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Source: MIL-OSI Submissions
Source: Consumer NZ

An unfortunate chain of events with a cattery has resulted in the death of a cherished cat.

Before going on holiday with her partner, Sue Peoples put her cat Jac in a cattery. One week later, she received a call that her cat had been given to another family and had run away.

“Of course, I was very upset. I don’t have kids, so Jac’s like my fur baby,” Sue said.

The cat had been mistaken for another feline – something Sue found hard to fathom as Jac has three legs, so identifying her should have been easy. With the mix-up, Jac’s arthritis medication was also given to the other cat.

Sue and her partner cut their holiday short to come home and search for their pet, putting up posters and recruiting locals to help find her. Unfortunately, there was no sign of Jac.

Sue filed a claim in the Disputes Tribunal against the cattery, claiming back costs accrued in her search. The case was settled before the hearing and Sue was reimbursed $2000 for accommodation and flights.

A few weeks after Jac went missing, her body was found curled up under some rushes by a local farmer. Jac’s been brought home and is now resting in peace under a rātā in the sun.

“This is such a tragedy for Sue. She trusted a cattery with a member of her family. But the business didn’t carry out its service with reasonable care and skill. You should expect your pets to be safe when you leave them at a boarding facility,” Consumer NZ head of content Caitlin Cherry said.

“Catteries and kennels must adhere to a code of welfare developed under the Animal Welfare Act. If you’re looking for a facility, ask your vet for a recommendation and consider making a visit before booking. Don’t be shy about asking about staff experience and qualifications. Also check that it is clean and secure.”

In the past two years, SPCA has received 56 complaints about pet care facilities. Dirty premises, inadequate security to prevent animals escaping, lack of supervision, lack of veterinary care for sick animals and insufficient staff were among complaints.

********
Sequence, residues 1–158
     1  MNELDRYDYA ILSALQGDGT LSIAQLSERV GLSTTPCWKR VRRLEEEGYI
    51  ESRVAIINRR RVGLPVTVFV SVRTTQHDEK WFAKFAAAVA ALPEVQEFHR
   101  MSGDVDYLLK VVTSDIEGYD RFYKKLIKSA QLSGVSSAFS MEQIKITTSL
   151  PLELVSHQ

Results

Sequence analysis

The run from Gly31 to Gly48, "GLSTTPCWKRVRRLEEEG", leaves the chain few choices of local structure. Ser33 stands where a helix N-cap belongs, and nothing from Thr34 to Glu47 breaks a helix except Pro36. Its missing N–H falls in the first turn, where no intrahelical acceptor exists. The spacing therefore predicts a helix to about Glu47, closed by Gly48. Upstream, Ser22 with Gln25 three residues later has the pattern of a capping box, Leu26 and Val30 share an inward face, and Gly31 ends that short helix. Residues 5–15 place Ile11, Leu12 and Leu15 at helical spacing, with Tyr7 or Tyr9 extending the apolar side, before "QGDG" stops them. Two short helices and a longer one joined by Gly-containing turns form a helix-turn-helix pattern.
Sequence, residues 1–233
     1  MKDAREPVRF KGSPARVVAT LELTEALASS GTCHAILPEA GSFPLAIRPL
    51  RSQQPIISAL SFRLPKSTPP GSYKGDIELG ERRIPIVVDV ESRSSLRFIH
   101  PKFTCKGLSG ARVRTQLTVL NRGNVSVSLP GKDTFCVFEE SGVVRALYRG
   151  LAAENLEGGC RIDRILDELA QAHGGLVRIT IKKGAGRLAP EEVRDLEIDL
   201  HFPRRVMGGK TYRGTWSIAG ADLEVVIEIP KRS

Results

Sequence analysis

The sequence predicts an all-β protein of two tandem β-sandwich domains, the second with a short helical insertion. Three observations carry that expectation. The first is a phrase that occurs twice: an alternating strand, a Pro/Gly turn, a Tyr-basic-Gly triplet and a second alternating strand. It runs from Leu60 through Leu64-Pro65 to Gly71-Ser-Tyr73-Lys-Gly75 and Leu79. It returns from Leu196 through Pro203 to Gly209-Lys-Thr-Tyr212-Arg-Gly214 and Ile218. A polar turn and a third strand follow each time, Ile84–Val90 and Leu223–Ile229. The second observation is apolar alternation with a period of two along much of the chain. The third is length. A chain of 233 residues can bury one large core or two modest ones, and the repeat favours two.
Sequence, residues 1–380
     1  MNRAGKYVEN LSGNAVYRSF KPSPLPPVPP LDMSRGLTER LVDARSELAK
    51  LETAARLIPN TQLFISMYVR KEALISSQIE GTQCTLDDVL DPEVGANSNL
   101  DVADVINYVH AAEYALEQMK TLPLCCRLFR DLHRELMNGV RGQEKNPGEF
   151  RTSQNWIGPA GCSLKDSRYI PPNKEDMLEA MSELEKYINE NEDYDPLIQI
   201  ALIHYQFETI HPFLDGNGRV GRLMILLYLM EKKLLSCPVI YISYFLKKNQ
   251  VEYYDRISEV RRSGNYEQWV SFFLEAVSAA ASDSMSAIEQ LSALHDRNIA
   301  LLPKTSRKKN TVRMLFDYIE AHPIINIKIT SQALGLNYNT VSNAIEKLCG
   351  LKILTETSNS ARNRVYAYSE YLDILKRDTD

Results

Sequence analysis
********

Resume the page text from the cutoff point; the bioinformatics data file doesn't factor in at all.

What you can expect from catteries and kennels

If you need a cattery or kennel to mind your pet while you’re on holiday, there are standards of care they should follow. 

Basic requirements are set in a code of welfare, developed under the Animal Welfare Act. The code has minimum standards that cover essential care from ensuring animals get adequate food, exercise, and shelter, through to having trained staff who can assess animal health and behavioural issues.

Facilities need to be clean and have adequate lighting and ventilation. They must also have separate areas for animals requiring isolation because of health or behavioural problems. 

Records should also be kept for each animal, including vaccination and microchip information. 

If you would like to make a complaint

Contact the local SPCA, it can inspect facilities. You can also advise the Ministry for Primary Industries, which is responsible for administering the Animal Welfare Act:  
You have rights under the Consumer Guarantees Act. Catteries – like other traders – have to provide their services with reasonable care and skill. If they fail to do so, you can request compensation, such as a refund or partial refund of the boarding fee.
If you have no luck with the cattery, you can take the company to the Disputes Tribunal.

About Consumer

Consumer NZ is a non-profit organisation, with 60 years of helping New Zealanders get a fairer deal. In addition to our product tests, we investigate consumer issues and campaign to improve consumer rights. We don’t take advertising. Our work is mainly funded by our members and supporters.